satpin1.jpg"['Bastards of 32-Bit' is a tri-weekly column by Danny Cowan that focuses on overlooked, underrated, and inexplicable titles from the era of the PlayStation, Saturn, and Nintendo 64. This week's column covers several pinball titles for the Sega Saturn, all of which were released between 1995 and 1996.]

Saturn Silverball

Despite its popularity in the 8-bit and 16-bit eras, the video pinball genre has suffered a steep decline in recent years. This is likely a direct result of the declining availability of real pinball tables in arcades, which are also slowly dying out. Though pinball is kept on life support thanks to the efforts of sole surviving table manufacturer Stern, few video game publishers seem interested in releasing pinball simulations in this day and age, outside of budget-priced compilations like Pinball Hall of Fame and the rare oddball title like Flipnic.

It's a shame that the genre died when it did, as the 32-bit era saw some of the best video pinball titles of all time. The Sega Saturn in particular was, perhaps, the last console to offer truly great and original takes on the genre. Only a few ever saw U.S. release, but import-savvy pinball fans should stay on the lookout for these Sega Saturn exclusives, some of which are among the genre's finest moments.

Last Gladiators / Necronomicon

Last Gladiators, along with its Japan-only sequel Necronomicon, are arguably the greatest pinball simulations to ever be released on any platform. All tables in both games are very well crafted, with special attention paid to detail and realism. The action plays out from an angled viewpoint, giving a good view of the entire table at once, with dot matrix-styled animations and announcements relegated to temporary windows that are always placed in such a way as to never block the player's view of the playfield. In short, they're both great sims that eliminate many of the technical problems usually associated the genre.

What really sets these titles apart, though, is the fact that they are metal to the max. The games are characterized by their symphonic heavy metal soundtracks (Necronomicon even features two songs written by John Petrucci, of the progressive metal group Dream Theater) and all-too-serious narration that runs in the background during gameplay. The table art fits the theme too, featuring all manner of bearded wizards and long-haired gladiator types.

This may sound cheesy, but in practice, all of these elements work together to make a game that's really exciting to play, in addition to being unintentionally hilarious at times. The guitar-heavy soundtrack, combined with the constant stream of loud sound effects and overwrought voice samples, create the same kind of noisy, kinetic life that a real pinball machine has. As a result, Last Gladiators and Necronomicon manage to successfully recreate the feel of playing an actual pinball table, as opposed to playing a simulation of a table's mechanics -- an achievement that few sims have ever accomplished.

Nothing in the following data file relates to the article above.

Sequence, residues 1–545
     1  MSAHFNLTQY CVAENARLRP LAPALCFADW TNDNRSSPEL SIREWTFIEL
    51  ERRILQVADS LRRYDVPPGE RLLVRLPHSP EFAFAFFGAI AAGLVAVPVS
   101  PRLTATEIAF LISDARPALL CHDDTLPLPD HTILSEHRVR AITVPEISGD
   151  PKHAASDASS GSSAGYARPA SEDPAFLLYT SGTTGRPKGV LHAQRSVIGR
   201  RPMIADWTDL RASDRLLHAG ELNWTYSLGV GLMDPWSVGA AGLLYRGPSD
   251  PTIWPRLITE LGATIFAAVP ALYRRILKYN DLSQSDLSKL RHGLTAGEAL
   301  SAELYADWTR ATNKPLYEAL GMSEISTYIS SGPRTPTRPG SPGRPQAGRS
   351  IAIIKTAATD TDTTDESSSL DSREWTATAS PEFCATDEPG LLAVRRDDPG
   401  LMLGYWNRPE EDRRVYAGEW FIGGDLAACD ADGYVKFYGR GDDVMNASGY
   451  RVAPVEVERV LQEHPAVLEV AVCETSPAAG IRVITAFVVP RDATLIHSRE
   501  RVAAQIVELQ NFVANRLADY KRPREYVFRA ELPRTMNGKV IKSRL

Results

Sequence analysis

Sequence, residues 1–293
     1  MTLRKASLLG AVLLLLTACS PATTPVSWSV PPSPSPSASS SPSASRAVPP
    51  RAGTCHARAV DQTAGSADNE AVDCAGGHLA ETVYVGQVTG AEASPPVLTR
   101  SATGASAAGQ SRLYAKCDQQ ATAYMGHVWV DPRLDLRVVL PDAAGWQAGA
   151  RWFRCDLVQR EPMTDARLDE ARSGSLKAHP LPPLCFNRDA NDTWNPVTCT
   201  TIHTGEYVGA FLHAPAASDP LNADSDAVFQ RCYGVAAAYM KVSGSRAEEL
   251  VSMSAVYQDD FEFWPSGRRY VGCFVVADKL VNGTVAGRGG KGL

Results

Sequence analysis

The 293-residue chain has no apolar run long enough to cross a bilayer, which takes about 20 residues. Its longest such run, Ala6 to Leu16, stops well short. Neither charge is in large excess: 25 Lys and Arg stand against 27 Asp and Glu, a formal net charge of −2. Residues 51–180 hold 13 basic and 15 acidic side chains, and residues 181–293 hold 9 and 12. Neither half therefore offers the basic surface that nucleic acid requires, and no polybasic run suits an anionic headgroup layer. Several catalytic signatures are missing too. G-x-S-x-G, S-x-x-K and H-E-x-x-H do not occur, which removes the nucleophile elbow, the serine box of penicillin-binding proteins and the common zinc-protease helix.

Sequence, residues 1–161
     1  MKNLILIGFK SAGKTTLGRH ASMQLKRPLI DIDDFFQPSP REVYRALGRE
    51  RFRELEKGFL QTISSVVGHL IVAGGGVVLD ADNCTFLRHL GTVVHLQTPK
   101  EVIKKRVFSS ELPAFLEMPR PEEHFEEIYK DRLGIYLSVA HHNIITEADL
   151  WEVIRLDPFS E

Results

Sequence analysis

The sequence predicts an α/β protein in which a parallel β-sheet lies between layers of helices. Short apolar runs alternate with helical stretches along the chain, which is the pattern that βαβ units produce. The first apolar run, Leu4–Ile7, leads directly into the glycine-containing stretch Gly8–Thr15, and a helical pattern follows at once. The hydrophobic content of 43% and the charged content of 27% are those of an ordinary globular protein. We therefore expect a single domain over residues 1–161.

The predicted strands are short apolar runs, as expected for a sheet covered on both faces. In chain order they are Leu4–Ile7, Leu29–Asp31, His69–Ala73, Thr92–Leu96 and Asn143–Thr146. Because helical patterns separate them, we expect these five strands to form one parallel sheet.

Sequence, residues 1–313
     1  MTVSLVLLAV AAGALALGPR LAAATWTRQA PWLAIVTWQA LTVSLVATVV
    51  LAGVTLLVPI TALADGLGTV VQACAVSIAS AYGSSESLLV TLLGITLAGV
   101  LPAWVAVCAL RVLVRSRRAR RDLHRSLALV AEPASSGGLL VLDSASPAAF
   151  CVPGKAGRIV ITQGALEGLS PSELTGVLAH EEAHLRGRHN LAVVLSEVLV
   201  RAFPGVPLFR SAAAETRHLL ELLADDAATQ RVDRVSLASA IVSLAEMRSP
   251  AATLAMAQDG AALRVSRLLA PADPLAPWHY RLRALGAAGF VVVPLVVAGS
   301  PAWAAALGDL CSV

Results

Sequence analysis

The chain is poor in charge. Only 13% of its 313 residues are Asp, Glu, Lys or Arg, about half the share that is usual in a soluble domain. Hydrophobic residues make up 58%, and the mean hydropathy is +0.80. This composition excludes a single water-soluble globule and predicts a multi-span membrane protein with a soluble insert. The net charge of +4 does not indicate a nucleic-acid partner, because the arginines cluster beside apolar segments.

satpin2.jpgKyuutenkai: Fantastic Pinball

Developed by Technosoft (the company responsible for porting the fantasy-themed pinball title Devil's Crush to the Sega Genesis as Dragon's Fury), Kyuutenkai: Fantastic Pinball was not exactly designed with accurate simulation in mind. Kyuutenkai plays almost exactly like an entry in Naxat Soft's Crush series, in fact, complete with "living" bumpers, wandering enemies, and bonus rounds that take place outside of the main table.

Kyuutenkai introduces a few new features not found in the Crush games, however. The game allows you to pick between three characters before the plunger is pulled, all of whom have their own attributes that affect how the game is played. The pinball itself can also be powered up, allowing it to hit enemies and obstacles for greater damage. These improvements make for great additions to the Crush formula, and give the game much-needed depth and longevity.

Kyuutenkai has a few quirks related to physics and difficulty (it's damn hard!), but it remains a great throwback to the realism-be-damned video pinball games of days past. The overly anime look may be off-putting initially, but brave your way past all the gigantic eyeballs and squeaky voices and you'll find a worthy successor of Naxat Soft's 16-bit efforts.

oh god why won't the screen stop movBLARGFFThe Pinball Ghetto

The Saturn also played host to at least two more pinball titles -- Hyper 3D Pinball and Pro Pinball: The Web -- both of which were released in the United States in 1996. Pro Pinball, while a decent enough simulation, fails to duplicate the aggressive energy of Last Gladiators, and suffers for only featuring one playable table. Sequels to Pro Pinball were later released on the PlayStation, but unfortunately, all of them also feature the same lethargic gameplay that plagues The Web.

On the other hand, Hyper 3D Pinball features multiple tables, but the tradeoff is that they all suck badly. By default, the game is played from a top-down view that nauseatingly shifts the camera around constantly, much in the style of shovelware PlayStation tragedies like KISS Pinball and Austin Powers Pinball. Other camera angles don't fare much better, as the graphics, sound, and physics in all of the tables are embarrassingly lame, making Hyper 3D Pinball in no way redeemable.

But hey, Last Gladiators alone is more than enough to make a Sega Saturn owner forget about these disappointments. Though the genre may be all but dead today, Last Gladiators and Necronomicon continue to reign as the kings of pinball simulation. It's simply unfortunate that there won't be many other challengers to the throne.

[Danny Cowan is a freelance writer hailing from Austin, Texas. He has contributed feature articles to Lost Levels Online and 1up.com, and his writing appears monthly in Hardcore Gamer Magazine.]